2. Seminars – For some time now, we’ve entertained the idea of offering continuing media education seminars for our clients and prospective clients. From OTT TV Everywhere, digital geo-targeting, Nielsen Audience Methodology trends, etc., we now have access to larger conference areas and will be offering seminars to our clients at no charge. While there will be a minimal charge for non-clients, all of our clients will have the ability to attend these informative events at no cost.

3. Recruitment – Like your business, as we continue to grow it is important to be able to continue to attract the best talent available. Our staff is extraordinarily talented and we strive to continue to recruit only the best. We want people who understand our culture and know that we are here to serve our clients and to generate the absolute most effective advertising campaigns possible.

4. Employee Morale – The better our employees feel about coming to work, the better they’ll perform for our clients. The new space will help to stimulate brainstorming and increase work flow.

5. More Room – We are growing with our clients. In the past few years our clients have exploded in growth. A few examples include: Commonwealth Credit Union opening and acquiring new locations/branches in both Lexington and Louisville markets. Bachman Auto Group acquiring Bales Auto Mall in Southern Indiana which has added Chrysler, Dodge, Jeep, Ram and Hyundai to their Chevy, Subaru and VW dealerships. Midway University achieving record enrollment numbers. To better serve our client’s growth, we have to add to our staff which of course requires more work space.

Selfishly, we cannot wait to move! But as you can see from the Top 5 reasons to move above above, the primary reason for our move is for you, our client.

Tentative move-in date is late November. The new address, effective immediately for mailing, is listed below:

Crosshair Media Placement, LLC
9300 Shelbyville Rd. Suite 915
Louisville, KY 40222

STADIUM SEATS WITHOUT THE HEAT: AUDIENCES WATCH SUMMER SPORTS IN PLACES BESIDES RESTAURANTS AND BARS

There’s a common belief that sports have the power to change the world. Whether it’s a walk-off homerun that wins the game, a last-minute goal as the whistle sounds, a photo finish as the checkered flag waves or a hole in one, people love the thrill of these unforgettable moments, and they long to share them with close friends, relatives or even a perfect stranger. Watching sports on linear television—especially away from home—gives audiences the opportunity to connect with each other when they can’t be at the ballpark.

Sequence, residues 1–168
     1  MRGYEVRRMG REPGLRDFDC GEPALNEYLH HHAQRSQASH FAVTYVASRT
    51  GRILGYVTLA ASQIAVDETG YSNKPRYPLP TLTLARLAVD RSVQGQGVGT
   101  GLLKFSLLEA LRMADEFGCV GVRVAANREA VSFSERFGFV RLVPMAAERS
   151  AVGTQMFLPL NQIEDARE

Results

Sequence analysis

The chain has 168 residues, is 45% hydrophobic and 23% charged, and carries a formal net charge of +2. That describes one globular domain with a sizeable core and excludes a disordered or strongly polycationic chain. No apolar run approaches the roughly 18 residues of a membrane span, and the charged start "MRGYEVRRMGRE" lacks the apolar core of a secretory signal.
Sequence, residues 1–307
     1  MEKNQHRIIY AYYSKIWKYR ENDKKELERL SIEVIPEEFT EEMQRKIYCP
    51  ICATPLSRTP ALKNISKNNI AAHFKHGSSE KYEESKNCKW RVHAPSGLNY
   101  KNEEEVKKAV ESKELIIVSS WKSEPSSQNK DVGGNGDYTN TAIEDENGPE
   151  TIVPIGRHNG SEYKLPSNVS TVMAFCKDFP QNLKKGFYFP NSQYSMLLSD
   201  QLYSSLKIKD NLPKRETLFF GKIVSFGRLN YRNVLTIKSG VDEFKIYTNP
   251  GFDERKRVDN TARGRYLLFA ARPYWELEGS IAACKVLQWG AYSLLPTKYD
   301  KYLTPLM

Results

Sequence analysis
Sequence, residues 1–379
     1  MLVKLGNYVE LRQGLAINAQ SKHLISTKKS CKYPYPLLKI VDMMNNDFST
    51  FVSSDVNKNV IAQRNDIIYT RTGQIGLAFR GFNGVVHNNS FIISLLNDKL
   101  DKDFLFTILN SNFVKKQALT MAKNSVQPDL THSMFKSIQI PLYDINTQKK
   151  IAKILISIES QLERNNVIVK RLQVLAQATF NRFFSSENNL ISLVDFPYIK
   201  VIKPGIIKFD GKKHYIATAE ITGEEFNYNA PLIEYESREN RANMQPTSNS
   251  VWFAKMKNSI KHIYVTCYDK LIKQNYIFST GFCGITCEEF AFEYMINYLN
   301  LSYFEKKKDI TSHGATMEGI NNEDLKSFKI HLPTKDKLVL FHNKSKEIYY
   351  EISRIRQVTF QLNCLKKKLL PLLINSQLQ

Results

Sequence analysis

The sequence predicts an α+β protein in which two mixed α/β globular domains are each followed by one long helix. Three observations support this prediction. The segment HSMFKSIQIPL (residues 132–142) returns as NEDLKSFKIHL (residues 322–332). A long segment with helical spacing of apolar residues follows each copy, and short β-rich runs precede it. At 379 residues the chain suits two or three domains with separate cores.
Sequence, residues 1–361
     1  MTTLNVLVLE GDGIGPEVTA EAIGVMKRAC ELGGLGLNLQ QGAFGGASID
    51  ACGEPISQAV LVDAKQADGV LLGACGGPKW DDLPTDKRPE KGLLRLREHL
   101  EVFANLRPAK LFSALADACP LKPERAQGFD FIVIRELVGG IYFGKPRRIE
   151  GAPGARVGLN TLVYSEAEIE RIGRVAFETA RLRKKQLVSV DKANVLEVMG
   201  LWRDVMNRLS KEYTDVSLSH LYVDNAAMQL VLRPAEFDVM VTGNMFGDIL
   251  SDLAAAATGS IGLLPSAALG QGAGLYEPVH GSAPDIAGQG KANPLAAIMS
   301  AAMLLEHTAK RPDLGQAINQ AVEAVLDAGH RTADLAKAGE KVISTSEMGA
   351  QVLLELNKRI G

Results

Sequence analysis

where watchedTo better understand the linear TV-viewing habits of sport fans when they’re away from the comfort of their couches, Nielsen conducted a summer survey among persons 18 and older that provides directional insights into key areas of interest for advertisers: location, co-viewing habits, attention and demographic composition.

LOCATION, LOCATION, LOCATION
While we’ve always known that people view linear TV content outside of the home, precise viewing locations have always been elusive. With insight from our recent survey, we now know exactly where people are viewing sports when they’re away from their homes. The survey covered restaurants/bars, other peoples’ homes, the office, the gym, in transit (permanent screens on a bus), hotel rooms, the airport and other locations.
The data supports the notion that restaurants/bars remain one of the most popular out-of-home (OOH) locations, as 26% of respondents said that they only watched OOH sports at a restaurant/bar. However, viewing in other places is a big draw for OOH sports content. Of the remaining 74%, 40% said that they watch in both restaurants/bars and elsewhere and 34% only viewed in other places. Nevertheless, restaurants/bars were the highest single viewing location from all respondents.